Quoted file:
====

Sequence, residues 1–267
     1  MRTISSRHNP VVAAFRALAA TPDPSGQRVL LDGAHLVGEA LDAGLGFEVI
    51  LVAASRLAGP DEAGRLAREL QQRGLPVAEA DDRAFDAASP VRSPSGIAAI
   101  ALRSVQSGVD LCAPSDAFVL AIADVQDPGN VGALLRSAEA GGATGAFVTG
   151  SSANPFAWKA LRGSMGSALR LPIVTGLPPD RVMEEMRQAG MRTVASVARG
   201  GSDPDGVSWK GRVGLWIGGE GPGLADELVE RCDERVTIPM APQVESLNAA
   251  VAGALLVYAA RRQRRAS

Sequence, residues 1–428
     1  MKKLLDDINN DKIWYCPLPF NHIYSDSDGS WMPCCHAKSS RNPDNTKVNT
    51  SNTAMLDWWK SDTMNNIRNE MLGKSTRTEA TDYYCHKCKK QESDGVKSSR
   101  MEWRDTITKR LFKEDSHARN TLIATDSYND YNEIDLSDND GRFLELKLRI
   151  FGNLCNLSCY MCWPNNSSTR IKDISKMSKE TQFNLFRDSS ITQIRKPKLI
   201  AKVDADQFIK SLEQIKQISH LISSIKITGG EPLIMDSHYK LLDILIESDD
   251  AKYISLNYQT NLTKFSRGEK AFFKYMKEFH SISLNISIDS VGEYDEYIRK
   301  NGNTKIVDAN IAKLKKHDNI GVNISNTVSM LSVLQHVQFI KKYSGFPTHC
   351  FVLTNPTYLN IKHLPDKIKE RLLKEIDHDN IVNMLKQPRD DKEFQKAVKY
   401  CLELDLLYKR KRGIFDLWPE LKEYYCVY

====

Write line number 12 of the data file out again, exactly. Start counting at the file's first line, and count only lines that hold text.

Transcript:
   151  FGNLCNLSCY MCWPNNSSTR IKDISKMSKE TQFNLFRDSS ITQIRKPKLI